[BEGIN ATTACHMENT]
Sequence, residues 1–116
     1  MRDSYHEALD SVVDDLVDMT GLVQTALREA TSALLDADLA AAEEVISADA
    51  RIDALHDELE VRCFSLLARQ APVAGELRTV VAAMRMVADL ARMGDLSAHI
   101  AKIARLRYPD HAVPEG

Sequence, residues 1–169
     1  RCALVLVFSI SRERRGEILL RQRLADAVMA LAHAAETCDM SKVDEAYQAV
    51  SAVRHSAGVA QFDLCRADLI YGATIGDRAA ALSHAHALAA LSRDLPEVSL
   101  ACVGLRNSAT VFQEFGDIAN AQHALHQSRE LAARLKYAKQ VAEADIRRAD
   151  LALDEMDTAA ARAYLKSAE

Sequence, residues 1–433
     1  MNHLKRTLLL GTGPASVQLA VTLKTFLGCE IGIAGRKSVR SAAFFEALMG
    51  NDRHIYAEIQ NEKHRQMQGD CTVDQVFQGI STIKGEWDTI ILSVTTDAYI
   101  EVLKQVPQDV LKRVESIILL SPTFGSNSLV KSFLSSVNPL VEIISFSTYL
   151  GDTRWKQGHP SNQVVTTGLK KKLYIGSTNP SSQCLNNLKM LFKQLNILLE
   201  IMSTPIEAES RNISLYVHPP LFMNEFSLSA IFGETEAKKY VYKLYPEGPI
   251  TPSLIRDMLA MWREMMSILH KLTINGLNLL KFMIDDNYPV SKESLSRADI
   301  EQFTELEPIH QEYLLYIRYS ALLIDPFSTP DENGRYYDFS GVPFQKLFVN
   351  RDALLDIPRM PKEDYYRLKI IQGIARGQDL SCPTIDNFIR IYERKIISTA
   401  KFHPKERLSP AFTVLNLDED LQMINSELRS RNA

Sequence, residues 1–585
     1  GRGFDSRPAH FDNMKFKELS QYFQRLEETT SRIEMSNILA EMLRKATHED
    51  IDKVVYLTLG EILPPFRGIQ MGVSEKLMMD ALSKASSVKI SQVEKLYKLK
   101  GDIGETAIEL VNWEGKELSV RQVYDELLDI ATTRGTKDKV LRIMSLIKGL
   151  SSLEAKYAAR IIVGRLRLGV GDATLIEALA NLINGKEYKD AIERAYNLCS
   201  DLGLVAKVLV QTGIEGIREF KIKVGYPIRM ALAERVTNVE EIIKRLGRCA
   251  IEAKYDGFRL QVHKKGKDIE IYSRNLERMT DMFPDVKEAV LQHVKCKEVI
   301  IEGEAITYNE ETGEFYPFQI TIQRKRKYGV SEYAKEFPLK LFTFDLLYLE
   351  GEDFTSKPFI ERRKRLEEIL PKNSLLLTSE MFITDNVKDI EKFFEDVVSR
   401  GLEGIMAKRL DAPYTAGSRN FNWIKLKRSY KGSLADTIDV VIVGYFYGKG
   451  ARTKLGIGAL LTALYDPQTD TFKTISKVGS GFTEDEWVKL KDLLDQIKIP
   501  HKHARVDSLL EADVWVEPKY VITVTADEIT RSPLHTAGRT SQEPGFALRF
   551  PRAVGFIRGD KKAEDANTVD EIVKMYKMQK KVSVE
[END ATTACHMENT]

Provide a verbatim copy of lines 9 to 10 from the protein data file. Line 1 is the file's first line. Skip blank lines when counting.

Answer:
   151  LALDEMDTAA ARAYLKSAE

Sequence, residues 1–433